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United States. Office of Indian Affairs / Annual report of the commissioner of Indian affairs, for the year 1884
([1884])

Reports of agents in Utah,   pp. 155-158 PDF (1.7 MB)


Page 155

REPORTS OF AGENTS IN UTAH. 
155 
vious year within my knowledge. Four deaths have taken place and three births.
There being no physician here authorized to treat the sick, they are forced
to rely 
upon their own medicine men, and, to do the latter justice, they sometimes
perform 
seemingly wonderful cures by means of their medicines. There is a slight
increase in 
the number of ponies, cattle, and poultry over the number reported last year,
but the 
gain was not as great as it might have been had the Indians possessed a fixed
place 
of abode. Before the time comes again for the report of the condition of
these In- 
dians I trust a change will have taken place for the better. 
I am, sir, very respectfully, your obedient servant, 
ELIAS CHANDLER, 
Second Lieutenant Sixteenth infantry, Acting Indian Agent. 
The COMMISSIONER OF INDIAN AFFAIRS. 
OURAY INDIAN AGENCY, UTAH TERRITORY, 
August 10, 1884. 
SIR: In compliance with instructions contained in circular from office of
Indian 
Affairs dated July 1, 1884, I have the honor to submit the following as my
first an- 
nual report: 
I assumed charge of this agency on the 15th day of November, 1883, relieving
my 
predecessor, J. F. Minniss, since which time I have endeavored to perform
the duties 
of the office in accordance with instructions received. 
The agency is located at the junction of Green and White Rivers, near the
western 
line of the reservation, about 35 miles southeast of Fort Thornburgh and
160 miles 
from Green River City,'Wyo., the nearest railroad station. 
The Indians belonging to this agency are known as the Tabequache band of
Utes 
and number, as shown by the last census, taken January, 1884, 652 males and
598 
females-l,250 in all. They are remarkably peaceful, quiet, and temperate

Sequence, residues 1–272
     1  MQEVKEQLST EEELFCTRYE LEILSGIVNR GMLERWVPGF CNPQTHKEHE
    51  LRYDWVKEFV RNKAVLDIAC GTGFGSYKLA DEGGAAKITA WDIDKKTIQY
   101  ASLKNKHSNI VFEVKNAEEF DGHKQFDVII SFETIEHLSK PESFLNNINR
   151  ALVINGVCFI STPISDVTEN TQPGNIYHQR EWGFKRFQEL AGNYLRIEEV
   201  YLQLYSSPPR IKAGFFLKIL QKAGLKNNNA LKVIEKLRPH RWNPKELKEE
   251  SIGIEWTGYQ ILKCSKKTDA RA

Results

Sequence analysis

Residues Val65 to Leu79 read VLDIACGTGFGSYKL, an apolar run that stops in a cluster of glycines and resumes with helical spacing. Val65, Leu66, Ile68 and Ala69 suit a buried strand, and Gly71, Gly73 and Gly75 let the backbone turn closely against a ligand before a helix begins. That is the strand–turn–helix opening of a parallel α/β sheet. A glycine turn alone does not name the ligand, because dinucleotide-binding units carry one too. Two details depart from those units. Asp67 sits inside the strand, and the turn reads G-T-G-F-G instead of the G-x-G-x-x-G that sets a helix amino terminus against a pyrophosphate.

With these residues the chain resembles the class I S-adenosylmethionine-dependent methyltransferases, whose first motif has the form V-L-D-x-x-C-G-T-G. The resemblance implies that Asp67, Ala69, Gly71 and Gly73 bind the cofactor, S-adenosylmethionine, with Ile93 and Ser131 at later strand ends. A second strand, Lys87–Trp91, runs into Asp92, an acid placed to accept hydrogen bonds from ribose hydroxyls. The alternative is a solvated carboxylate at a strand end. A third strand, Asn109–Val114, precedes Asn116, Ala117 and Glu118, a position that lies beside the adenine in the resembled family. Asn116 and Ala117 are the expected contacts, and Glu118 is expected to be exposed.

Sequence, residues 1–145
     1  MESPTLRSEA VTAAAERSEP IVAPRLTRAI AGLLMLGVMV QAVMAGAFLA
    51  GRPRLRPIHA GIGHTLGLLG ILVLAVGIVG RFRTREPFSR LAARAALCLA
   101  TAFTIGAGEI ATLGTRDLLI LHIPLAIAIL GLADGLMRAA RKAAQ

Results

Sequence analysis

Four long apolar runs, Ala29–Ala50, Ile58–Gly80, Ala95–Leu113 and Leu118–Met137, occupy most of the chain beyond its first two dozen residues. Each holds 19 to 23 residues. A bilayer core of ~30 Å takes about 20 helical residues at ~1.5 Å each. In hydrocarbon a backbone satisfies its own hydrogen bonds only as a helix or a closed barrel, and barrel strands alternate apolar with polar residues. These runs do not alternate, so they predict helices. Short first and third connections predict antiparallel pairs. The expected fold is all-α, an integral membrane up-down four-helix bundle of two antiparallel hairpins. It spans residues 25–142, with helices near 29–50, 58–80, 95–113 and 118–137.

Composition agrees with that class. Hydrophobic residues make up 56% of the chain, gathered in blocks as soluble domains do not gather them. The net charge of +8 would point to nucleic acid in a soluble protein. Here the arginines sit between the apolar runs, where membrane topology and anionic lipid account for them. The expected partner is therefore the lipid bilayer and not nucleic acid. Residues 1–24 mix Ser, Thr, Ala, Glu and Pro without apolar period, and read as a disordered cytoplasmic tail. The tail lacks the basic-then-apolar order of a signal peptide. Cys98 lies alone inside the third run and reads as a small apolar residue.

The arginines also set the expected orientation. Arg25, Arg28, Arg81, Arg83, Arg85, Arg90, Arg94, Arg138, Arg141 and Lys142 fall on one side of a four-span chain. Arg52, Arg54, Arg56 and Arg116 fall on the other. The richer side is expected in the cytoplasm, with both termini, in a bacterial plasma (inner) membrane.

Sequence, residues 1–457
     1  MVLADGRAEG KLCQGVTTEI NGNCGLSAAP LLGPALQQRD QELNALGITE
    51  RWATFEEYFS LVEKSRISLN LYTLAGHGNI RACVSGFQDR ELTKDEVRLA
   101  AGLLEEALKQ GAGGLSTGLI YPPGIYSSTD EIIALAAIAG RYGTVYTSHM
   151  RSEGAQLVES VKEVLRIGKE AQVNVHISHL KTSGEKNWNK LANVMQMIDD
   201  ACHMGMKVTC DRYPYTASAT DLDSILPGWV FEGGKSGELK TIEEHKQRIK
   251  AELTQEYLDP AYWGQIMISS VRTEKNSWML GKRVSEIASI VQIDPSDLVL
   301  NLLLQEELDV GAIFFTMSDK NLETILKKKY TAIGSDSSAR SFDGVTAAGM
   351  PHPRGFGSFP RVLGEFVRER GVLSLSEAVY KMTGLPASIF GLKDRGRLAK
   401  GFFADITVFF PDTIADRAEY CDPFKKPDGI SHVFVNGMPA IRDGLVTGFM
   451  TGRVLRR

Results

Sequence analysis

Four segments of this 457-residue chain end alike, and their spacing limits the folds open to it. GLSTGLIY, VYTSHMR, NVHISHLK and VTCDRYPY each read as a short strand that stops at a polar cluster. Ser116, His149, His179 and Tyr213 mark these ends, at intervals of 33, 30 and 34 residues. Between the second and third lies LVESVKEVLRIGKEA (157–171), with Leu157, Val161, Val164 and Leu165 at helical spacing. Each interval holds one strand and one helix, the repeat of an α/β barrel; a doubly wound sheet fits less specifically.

in their 
habits. I have never seen one of them under the influence of intoxicating
liquors 
since I came among them. 
This spring 1 succeeded in getting 23 of my Indians to commence farming in
a small 
way, 11 on Duchesne and 12 on White River, and with the assistance of the
agency em- 
ploy6s broke up and planted about 118 acres in wheat, oats, corn, potatoes,
and gar- 
den truck. Just after they had all planted and in good shape the flood came
and 
destroyed everything on the White River farms; the crops on the Duchesne,
however, 
promise well. 
The buildings at this agency are all of a temporary character, built of round
logs 
with mud roofs, insufficient for proper storage and quarters for agents and
employds. 
No schools have been established at this agency or missionary work been performed
during the year. 
There has been no crime committed on this reservation during the year punishable
by law. 
The sanitary condition of these Indians is good. During the past year there
have 
been 13 deaths and 32 births reported. There are only three cases of venereal
disease 
among them and they are of long standing. 
A new survey of this reservation is very much needed in order to settle beyond
dis- 
pute the boundary line. This unsettled question is a source of constant difficulty
be- 
tween the Indians and the whites, especially upon the eastern boundaries.
The unparalleled severity of the past winter and the floods this spring and
summer 
have told heavily on the stock cattle on this reservation, many of them having
been drowned. I estimate the loss at from !20 to 25 per cent. 
The annual statistical report of the agency is herewith inclosed. 
Very respectfully, 
J. F. GARDNER, 
Indian Agent. 
The COMMISSIONER OF INDIAN AFFAIRS. 
UINTAH VALLEY AGENCY, UTAH TERRITORY, 
August 21, 1884. 
SIR: In compliance with Department instructions I have the honor to submit
the 
following as my second annual report of affairs pertaining to this agency
and the 
Indians under my charge. 
===MR 


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